A consistent set of symbols can make gameplay elements easier to parse, particularly if players are going to need to understand things that aren’t directly in front of them. Symbols can be immediately recognized across the table, while text may require players to spend a few moments trying to read (or reread) to understand.

Rig relies on matching the symbols on the tokens to the dice.

When to Design

Early Prototype

The main concern you want to worry about with an early prototype is removing ambiguity of information. Make sure you are able to test exactly the parts of the game you are iterating on without having to worry about component quality getting in the way. You also want to make sure you are able to iterate quickly, so if it’s easier to make something that looks really rough but can be produced quickly, don’t worry about having nice graphics.

This early version of Chimera Station didn’t have much going on graphically, but was easy to change as the rules solidified.

Attracting Playtesters

After your game has a solid enough form that you’re not changing the rules after every playtest, you probably want to start bringing it to a broader audience. If this includes meetups, conventions, and other boardgaming events, then at this point you do want your prototype to be as interesting as possible to look at so that potential players passing by can be convinced to stop and give you their time. Fortunately, even if you aren’t an illustrator, “interesting” does not mean it has to have a lot of art. Clean lines, bold colors, and a solid hierarchy of information can still show that your game will provide a compelling experience.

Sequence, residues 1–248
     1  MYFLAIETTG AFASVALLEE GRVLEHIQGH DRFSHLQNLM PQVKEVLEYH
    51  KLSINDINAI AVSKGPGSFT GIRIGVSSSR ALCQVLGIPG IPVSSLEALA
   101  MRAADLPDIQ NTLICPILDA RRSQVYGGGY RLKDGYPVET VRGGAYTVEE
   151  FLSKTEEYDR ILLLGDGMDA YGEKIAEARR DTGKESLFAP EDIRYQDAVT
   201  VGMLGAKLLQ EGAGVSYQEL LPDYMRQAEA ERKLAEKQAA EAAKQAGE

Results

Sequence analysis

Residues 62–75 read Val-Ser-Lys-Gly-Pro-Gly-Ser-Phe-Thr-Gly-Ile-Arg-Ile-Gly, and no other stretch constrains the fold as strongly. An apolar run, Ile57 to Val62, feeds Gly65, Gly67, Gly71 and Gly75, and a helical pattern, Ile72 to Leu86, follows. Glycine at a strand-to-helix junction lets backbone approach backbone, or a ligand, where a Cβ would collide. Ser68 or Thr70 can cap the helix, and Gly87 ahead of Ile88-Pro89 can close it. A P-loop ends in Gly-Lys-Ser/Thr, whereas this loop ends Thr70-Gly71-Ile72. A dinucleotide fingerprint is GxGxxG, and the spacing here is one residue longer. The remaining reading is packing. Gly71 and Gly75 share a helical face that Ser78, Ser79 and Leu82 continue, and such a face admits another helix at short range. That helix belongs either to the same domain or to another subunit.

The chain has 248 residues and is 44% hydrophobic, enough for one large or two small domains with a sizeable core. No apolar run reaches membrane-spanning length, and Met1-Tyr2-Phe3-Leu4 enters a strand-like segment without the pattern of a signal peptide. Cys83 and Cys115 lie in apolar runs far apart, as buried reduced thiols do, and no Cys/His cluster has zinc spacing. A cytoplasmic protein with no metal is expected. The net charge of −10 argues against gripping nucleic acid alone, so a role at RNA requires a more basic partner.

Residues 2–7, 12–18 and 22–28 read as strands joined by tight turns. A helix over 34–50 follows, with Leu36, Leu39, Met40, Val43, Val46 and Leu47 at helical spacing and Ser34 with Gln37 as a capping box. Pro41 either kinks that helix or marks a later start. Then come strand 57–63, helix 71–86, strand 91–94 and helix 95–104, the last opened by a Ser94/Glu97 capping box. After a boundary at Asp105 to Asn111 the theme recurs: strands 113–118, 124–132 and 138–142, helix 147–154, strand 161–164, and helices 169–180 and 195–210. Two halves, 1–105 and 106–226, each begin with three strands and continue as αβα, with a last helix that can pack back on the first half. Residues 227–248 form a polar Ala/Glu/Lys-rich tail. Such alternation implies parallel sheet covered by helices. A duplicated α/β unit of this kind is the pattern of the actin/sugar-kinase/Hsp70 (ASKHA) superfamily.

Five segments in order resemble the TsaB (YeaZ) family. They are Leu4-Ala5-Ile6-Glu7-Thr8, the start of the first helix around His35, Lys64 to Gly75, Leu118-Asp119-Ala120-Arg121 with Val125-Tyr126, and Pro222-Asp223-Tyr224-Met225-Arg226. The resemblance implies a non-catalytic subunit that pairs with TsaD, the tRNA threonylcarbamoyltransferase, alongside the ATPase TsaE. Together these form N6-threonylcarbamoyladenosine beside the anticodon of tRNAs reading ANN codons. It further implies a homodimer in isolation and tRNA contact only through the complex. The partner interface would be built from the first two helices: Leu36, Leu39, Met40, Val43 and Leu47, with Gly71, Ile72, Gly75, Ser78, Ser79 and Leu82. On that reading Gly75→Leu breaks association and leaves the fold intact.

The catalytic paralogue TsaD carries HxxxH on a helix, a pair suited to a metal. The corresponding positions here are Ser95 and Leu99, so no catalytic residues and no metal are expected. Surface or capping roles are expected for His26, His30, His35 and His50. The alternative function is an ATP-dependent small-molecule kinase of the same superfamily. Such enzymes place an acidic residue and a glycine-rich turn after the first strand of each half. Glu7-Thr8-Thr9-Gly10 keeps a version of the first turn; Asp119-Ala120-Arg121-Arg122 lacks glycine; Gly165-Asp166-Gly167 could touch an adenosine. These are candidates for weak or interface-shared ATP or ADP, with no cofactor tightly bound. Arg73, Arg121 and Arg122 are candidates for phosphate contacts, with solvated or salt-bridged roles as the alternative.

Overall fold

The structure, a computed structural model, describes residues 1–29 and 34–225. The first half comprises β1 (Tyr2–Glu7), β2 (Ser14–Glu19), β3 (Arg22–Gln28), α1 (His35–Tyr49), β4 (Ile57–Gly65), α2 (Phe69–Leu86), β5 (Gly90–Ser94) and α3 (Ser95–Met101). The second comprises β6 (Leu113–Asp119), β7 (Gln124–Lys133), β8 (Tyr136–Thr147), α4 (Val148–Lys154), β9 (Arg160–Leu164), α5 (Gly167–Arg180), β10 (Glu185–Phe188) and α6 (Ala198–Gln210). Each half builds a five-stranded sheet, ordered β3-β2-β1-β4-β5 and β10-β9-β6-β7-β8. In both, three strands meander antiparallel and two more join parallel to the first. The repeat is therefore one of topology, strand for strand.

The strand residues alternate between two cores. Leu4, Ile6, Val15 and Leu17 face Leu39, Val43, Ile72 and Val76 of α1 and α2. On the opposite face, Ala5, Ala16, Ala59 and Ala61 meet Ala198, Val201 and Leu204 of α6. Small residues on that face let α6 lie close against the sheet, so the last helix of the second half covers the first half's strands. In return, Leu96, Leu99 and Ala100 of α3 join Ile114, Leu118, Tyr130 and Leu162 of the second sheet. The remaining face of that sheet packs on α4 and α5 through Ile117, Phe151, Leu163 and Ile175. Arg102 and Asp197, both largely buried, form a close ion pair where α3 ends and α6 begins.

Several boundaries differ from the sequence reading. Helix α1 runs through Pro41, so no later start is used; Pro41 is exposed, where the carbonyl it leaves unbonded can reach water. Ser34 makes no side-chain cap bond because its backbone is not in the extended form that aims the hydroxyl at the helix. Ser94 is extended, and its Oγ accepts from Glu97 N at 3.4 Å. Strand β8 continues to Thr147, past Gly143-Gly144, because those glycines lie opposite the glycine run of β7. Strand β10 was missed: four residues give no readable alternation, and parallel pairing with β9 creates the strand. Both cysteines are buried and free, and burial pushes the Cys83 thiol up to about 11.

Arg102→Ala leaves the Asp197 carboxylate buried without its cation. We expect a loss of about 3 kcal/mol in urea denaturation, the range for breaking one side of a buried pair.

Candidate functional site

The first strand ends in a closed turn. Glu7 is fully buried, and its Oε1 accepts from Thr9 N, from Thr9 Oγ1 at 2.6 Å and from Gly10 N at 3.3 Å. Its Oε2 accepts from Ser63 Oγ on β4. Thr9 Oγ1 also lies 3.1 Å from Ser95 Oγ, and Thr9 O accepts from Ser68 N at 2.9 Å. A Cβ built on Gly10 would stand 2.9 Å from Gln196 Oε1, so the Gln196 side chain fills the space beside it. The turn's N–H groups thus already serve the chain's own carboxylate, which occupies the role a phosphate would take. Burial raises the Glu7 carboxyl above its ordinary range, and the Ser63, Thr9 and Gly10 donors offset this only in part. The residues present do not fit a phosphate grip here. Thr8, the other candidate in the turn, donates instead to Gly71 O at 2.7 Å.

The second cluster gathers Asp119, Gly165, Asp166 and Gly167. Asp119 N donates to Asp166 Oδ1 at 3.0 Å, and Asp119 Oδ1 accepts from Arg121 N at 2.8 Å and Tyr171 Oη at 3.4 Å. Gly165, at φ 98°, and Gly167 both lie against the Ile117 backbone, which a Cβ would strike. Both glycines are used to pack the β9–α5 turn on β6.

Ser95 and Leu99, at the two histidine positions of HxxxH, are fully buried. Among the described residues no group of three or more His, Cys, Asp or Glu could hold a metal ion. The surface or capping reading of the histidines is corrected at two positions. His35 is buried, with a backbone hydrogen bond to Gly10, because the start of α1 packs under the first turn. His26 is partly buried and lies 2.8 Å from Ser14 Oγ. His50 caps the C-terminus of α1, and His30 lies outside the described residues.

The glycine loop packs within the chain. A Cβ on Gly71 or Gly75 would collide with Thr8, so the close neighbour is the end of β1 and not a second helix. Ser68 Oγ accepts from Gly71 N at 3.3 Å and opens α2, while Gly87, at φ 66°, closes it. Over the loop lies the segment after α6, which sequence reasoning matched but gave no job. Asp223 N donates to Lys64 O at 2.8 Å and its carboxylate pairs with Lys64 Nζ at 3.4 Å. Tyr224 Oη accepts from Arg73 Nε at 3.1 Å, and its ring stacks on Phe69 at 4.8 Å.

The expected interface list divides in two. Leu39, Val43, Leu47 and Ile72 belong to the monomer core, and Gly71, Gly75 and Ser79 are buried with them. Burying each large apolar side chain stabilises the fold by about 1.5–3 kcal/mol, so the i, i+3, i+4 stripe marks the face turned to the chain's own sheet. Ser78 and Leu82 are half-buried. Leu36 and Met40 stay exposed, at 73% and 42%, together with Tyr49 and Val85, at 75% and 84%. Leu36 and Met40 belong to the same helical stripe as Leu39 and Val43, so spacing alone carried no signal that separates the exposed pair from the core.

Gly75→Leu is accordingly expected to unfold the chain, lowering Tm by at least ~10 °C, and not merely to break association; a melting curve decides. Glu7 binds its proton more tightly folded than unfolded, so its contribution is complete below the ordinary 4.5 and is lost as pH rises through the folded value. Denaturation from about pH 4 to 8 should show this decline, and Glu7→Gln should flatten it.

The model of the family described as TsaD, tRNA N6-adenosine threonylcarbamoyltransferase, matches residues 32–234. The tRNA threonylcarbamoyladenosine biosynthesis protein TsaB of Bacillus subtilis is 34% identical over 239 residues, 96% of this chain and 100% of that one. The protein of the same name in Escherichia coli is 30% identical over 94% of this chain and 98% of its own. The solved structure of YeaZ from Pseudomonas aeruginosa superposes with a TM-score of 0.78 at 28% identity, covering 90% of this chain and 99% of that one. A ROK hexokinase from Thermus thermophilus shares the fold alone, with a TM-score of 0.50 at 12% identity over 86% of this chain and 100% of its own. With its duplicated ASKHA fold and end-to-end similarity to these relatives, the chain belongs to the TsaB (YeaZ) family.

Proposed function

Simple printed cards in sleeves helped attract playtesters for Beacon.

Sending It Abroad

Usually blind testing is something you do later in a game’s development, but at whatever point you decide to send your game into the wild without you there to guide it, this is where you really want to make sure that the visual design is as intuitive and unambiguous as possible. This is doubly true if you are leaving your prototype with a publisher or reviewer. It helps to have illustrations, but again it’s not required. However, if you have any doubts about the visual quality of your game, this is the point where you really might want to consider seeking out a professional for help.


Since Sinister was being judged as a contest entrant, strong graphic design was essential.

Mark Major

Game Designer at Whirling Derby

Mark Major wears hats and makes games of many different varieties (in both cases).

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  1. Jeff Johnston on August 6, 2015

    Excellent discussion. I’ve recently been working closely with a graphic designer on a project that I was well into before adding that resource. I’ve found that there’s a give and take between both parties that has actually trickled back into the game mechanics and play. Some were as simple as “The name for this card doesn’t fit well, could we come up with an alternative?” to being able to see how to effectively integrate player aids into existing components (saving production cost?) to being inspired to carefully add a thematic mechanic based on the imagery (“It doesn’t *look* like a player should be able to do that here, should we incorporate that into game play?”).
    In other words, as the graphic design helps clarify how others will see your game, sometimes it allows you to see your own game differently as you’re prototyping. Very glad you’ve posted this!